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Why Does My Pelvis Hurt After Pregnancy?

Why Does My Pelvis Hurt After Pregnancy?

Congratulations on entering motherhood! The journey of pregnancy has come to an end, and you're now embarking on a new phase filled with love and challenges. One such challenge that you might face is pelvic pain after pregnancy. It's not uncommon for new mothers to experience this, but it's important to understand the reasons behind the pain and know how to manage it effectively. Keep reading to learn more about postpartum pelvic pain, its causes, and the available treatment solutions. Don't forget to share this guide with others who might find it helpful and explore more content on Pelvic Floor Therapy.

Postpartum pelvic pain can be attributed to various factors, such as labor, childbirth, and hormonal changes. Here, we will discuss some of the common causes of post-pregnancy pelvis pain:

Pelvic Floor Dysfunction

During pregnancy, your pelvic floor muscles support your growing baby and uterus. The increased pressure and weight can cause these muscles to weaken over time, leading to pelvic floor dysfunction. Childbirth can further strain these muscles, making them lose their elasticity and strength. This can cause discomfort and pelvic pain after pregnancy.

Diastasis Recti

Pregnancy can cause the abdominal muscles to separate, a condition known as diastasis recti. This separation weakens the core muscles, leading to instability in the pelvic region and lower back pain. If left untreated, diastasis recti can contribute to ongoing pelvic pain.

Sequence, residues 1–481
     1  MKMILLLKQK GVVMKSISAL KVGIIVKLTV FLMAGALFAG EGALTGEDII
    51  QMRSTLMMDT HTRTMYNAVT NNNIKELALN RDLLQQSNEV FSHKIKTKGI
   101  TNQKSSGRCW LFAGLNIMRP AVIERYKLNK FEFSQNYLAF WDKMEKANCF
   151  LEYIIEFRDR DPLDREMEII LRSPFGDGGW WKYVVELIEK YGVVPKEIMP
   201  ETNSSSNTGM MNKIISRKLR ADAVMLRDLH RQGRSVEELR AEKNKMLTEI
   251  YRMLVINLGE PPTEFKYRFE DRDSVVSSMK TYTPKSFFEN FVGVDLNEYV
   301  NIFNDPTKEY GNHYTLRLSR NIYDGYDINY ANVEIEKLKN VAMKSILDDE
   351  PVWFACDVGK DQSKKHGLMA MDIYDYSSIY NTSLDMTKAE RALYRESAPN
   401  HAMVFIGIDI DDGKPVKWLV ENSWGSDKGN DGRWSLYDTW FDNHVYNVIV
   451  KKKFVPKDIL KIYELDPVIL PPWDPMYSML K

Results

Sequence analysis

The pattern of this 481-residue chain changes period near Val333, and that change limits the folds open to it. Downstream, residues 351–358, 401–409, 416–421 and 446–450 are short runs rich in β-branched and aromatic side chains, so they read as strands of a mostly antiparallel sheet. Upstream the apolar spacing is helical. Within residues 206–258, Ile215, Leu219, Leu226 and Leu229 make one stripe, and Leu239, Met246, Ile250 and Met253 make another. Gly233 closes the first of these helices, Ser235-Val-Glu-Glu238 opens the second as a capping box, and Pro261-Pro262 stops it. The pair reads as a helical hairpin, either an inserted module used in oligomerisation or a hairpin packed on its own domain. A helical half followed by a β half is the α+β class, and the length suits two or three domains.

Hormonal Changes

Hormonal changes during pregnancy and after giving birth play a significant role in postpartum pelvic pain. Relaxin, a hormone that helps prepare your body for childbirth, increases the elasticity of ligaments and soft tissues. This can cause your pelvic joints to become less stable, resulting in discomfort or pain.

Pelvic Girdle Pain

Pelvic girdle pain is experienced in the front and back of the pelvis and affects 1 in 5 pregnant women. It is caused by improper alignment or stiffness of the pelvic joints. The pain can linger on after pregnancy, causing discomfort while sitting, standing, or walking.


Infections in the uterus or pelvic region after childbirth can lead to pelvic pain. Endometritis, an infection of the uterine lining, is one example of a postpartum infection that can cause discomfort.


Consider Sarah, a new mother, who started experiencing pelvic pain two months after giving birth. She noticed her pain would increase while lifting her baby or when getting up from a seated position. Sarah initially thought this was a normal part of the postpartum recovery process. However, after consulting with her healthcare provider, she learned that the pelvic pain was a result of a weak pelvic floor and diastasis recti. She was advised to seek pelvic floor therapy and core rehabilitation from a women’s health physiotherapist.

Experiencing pelvic pain after pregnancy can leave new mothers feeling overwhelmed and frustrated. But understanding the underlying causes can provide guidance for managing the pain effectively. It's essential to consult with a healthcare provider if you experience ongoing or severe pelvic pain post-pregnancy. Treatments, such as pelvic floor therapy, pain medications, or alternative therapies, can help you regain strength and alleviate discomfort.

If you found this article informative and enlightening, don't forget to share it with others who might benefit from this guide. Also, don't hesitate to explore more content on Pelvic Floor Therapy to support your postpartum journey and overall well-being.

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